Parashat Vayeshev: Judging Favorably
We read in Parashat Vayesheb of the sale of Yosef as a slave by his brothers. Yaakob sent Yosef to check on his brothers who were tending to their herds in Shechem, and when Yosef arrived in the area, he did not find them. A mysterious man, whom the Sages identified as the angel Gabriel, saw Yosef and asked what he was looking for. Yosef explained that he was looking for his brothers, and the angel said, "Nas’u Mi’zeh" – "They journeyed from here," and they went to a nearby area called Dotan. Yosef then made his way to Datan, where he found his brothers, and they proceeded to throw him into a pit and eventually sold him as a slave.
Rashi, based on the Midrash, writes that when the angel said, "Nas’u Mi’zeh," he meant not only that the brothers had journeyed from Shechem, but also that they "journeyed" from their feelings of fraternal love and commitment, and were planning to kill him.
The Or Ha’haim (Rav Haim Ben-Attar, 1696-1743) raises the obvious question of why Yosef went to his brothers after receiving this news. Once he heard that his brothers "journeyed" from their brotherly devotion, and were devising a plan to inflict harm, how could he endanger himself by going to them?
The Or Ha’haim suggests that Yosef chose one of the two possible interpretations of the angel’s response. The angel’s words, taken plainly, meant that his brothers moved from Shechem and went to Dotan. The information that they despised Yosef and planned to kill him was conveyed through a subtle allusion. Yosef realized that this response could be understood in one of two ways, and he made the conscious decision to judge his brothers favorably, and assume that they were still committed to him and had not resorted to virulent hatred.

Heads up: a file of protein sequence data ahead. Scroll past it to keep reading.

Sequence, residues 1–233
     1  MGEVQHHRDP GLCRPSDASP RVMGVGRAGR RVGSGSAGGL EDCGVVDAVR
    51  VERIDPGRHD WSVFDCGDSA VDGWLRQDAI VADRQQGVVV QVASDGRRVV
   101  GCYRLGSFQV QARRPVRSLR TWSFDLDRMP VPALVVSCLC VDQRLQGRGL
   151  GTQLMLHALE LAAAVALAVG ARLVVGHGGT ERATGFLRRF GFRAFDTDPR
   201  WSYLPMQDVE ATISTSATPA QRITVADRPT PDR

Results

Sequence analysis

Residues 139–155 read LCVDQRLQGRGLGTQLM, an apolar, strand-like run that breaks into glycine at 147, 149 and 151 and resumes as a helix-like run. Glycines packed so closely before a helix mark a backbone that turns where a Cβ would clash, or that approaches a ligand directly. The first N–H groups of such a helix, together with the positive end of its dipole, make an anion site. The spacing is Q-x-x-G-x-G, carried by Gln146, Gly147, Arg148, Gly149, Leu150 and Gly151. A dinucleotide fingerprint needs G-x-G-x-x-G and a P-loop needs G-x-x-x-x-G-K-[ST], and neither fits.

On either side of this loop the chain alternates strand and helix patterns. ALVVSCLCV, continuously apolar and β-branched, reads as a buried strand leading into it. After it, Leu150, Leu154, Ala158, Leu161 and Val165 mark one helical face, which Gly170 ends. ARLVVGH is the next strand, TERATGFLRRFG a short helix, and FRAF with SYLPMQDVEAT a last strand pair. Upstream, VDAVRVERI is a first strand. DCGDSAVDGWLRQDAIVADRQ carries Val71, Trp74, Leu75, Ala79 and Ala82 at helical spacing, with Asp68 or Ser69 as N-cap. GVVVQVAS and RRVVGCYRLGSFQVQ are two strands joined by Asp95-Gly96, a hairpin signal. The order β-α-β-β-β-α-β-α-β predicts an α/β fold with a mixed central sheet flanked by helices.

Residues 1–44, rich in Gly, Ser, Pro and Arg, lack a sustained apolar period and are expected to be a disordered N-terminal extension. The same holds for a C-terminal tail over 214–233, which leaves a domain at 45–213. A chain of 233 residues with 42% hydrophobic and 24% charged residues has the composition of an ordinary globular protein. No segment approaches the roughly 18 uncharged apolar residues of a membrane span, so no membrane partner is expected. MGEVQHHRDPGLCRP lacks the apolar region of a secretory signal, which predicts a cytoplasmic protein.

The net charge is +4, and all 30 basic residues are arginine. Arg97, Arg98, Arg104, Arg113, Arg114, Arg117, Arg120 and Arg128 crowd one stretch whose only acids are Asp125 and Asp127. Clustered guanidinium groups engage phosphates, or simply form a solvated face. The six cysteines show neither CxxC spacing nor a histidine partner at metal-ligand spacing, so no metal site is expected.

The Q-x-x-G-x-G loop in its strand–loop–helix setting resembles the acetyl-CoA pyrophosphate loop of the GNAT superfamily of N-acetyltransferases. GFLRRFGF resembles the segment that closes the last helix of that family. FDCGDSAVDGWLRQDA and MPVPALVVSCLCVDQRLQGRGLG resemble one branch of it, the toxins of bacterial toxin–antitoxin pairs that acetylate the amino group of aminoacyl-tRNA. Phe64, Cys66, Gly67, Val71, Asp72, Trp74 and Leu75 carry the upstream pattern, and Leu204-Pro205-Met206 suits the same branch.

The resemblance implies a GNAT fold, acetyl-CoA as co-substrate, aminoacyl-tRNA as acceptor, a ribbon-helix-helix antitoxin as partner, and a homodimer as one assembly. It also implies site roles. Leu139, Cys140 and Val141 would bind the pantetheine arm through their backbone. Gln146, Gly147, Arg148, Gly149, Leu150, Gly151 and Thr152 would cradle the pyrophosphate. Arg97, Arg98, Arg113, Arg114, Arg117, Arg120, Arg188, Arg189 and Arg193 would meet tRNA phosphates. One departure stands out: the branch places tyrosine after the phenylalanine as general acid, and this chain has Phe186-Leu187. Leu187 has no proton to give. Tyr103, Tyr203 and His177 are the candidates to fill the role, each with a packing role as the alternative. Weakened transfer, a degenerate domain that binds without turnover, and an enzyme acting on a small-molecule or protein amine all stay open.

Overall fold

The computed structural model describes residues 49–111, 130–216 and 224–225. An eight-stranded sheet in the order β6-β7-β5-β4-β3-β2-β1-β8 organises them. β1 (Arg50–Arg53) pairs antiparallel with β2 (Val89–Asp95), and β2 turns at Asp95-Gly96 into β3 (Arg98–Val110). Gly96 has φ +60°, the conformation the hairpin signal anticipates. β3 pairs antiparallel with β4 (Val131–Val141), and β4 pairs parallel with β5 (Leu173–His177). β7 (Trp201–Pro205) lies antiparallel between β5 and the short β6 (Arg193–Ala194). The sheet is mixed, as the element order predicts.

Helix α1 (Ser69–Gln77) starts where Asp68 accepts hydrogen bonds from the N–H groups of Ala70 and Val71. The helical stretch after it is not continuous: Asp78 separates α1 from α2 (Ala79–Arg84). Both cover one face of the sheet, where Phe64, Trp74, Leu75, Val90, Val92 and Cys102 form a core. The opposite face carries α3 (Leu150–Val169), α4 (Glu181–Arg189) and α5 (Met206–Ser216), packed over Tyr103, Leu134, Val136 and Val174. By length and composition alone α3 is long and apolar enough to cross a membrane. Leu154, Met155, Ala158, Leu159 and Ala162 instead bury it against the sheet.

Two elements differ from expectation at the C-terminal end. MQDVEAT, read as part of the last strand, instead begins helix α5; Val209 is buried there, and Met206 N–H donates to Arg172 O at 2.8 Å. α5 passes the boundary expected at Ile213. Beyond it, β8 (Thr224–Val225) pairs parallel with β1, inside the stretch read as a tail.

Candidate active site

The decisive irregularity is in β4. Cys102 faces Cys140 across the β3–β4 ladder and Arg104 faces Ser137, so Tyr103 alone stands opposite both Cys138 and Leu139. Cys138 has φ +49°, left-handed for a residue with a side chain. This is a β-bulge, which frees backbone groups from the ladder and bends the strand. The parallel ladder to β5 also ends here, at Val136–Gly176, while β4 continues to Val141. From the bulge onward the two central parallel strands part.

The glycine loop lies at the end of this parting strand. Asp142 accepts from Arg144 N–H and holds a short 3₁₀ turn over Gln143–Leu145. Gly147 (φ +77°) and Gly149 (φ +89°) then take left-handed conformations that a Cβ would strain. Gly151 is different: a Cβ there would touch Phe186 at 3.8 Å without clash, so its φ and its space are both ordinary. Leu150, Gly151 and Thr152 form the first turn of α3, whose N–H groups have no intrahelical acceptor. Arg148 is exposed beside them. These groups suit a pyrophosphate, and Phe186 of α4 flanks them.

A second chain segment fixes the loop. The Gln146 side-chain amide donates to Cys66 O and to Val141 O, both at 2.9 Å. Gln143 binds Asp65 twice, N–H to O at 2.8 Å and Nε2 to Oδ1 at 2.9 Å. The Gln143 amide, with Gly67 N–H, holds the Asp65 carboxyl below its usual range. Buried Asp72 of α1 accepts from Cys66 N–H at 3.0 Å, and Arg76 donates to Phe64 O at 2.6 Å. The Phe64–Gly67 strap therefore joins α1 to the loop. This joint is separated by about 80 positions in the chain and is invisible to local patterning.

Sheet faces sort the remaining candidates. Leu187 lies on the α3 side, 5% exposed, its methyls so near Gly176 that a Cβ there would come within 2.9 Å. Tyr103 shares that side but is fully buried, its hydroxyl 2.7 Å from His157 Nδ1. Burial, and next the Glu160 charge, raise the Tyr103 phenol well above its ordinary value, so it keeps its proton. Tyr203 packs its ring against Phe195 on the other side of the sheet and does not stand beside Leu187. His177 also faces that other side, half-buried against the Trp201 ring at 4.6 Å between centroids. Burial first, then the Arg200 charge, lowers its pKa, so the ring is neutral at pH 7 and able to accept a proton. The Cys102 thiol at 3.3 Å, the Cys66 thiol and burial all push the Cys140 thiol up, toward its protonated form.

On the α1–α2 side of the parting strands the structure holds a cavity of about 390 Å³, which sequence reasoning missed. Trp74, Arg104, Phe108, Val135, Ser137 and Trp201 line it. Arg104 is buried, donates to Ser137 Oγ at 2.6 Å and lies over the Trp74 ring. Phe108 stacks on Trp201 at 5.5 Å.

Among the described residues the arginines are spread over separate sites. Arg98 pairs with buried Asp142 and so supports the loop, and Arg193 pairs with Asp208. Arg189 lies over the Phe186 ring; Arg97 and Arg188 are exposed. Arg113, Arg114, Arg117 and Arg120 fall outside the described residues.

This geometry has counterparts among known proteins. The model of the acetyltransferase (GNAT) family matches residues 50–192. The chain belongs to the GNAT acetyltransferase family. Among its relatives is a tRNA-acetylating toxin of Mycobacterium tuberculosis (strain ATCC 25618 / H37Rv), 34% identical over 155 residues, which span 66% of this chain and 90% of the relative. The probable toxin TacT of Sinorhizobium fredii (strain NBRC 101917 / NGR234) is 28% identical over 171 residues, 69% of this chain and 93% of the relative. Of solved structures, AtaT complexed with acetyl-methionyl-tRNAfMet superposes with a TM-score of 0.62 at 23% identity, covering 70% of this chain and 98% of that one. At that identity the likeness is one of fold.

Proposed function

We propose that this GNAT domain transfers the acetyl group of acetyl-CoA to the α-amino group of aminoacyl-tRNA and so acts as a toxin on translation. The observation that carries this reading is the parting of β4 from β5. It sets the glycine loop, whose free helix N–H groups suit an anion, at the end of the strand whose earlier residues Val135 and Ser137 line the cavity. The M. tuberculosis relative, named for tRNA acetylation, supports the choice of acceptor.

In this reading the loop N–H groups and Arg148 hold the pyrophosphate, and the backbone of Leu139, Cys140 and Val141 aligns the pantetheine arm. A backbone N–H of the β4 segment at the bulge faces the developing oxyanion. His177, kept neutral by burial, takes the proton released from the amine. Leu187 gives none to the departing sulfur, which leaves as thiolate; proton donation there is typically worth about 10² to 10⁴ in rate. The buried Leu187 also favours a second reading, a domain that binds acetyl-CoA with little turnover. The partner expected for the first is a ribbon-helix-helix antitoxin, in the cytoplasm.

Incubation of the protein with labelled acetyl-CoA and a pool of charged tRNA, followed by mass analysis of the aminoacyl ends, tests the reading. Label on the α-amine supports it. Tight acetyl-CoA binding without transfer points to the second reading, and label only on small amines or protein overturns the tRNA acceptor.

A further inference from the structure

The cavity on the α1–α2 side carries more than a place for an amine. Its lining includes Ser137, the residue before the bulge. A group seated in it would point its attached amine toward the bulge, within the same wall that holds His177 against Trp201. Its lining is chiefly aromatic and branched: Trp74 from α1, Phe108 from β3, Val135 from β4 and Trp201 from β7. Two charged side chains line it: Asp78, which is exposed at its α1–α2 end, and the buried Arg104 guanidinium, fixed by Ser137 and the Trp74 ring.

But if this is the case, the Or Ha’haim proceeds to ask, then for what purpose did the angel bother to subtly inform Yosef of his brothers’ hostility? If he wanted Yosef to know that his brothers despised him, then why didn’t he just say so explicitly?
The Or Ha’haim gives a remarkable answer. He writes that perhaps the angel sought to offer Yosef the opportunity to earn great reward by assuming the more favorable possibility. By choosing to judge his brothers charitably, and interpreting the angel’s words to mean simply that they relocated, Yosef became worthy of reward. In fact, the Or Ha’haim writes, it is perhaps on this account that Hashem granted Yosef the grandeur and prestige which he attained in Egypt. All this honor was earned through Yosef’s having judged his brothers favorably, by preferring the positive perspective over the negative one.
When it comes to our perception of other people, our natural tendency is, usually, to do just the opposite – to find fault, to be suspicious, to interpret people’s words and actions critically, and to assume the worst about them. The story of Yosef, as understood by the Or Ha’haim, teaches us about how precious a Misva it is to judge people favorably, to look upon them from a positive angle. Rather than rush to find fault and criticize, we should do just the opposite, and rush to identify people’s fine qualities and offer compliments and praise. By following Yosef’s example of judging favorably, we will be worthy, as he was, of great success and reward, Amen.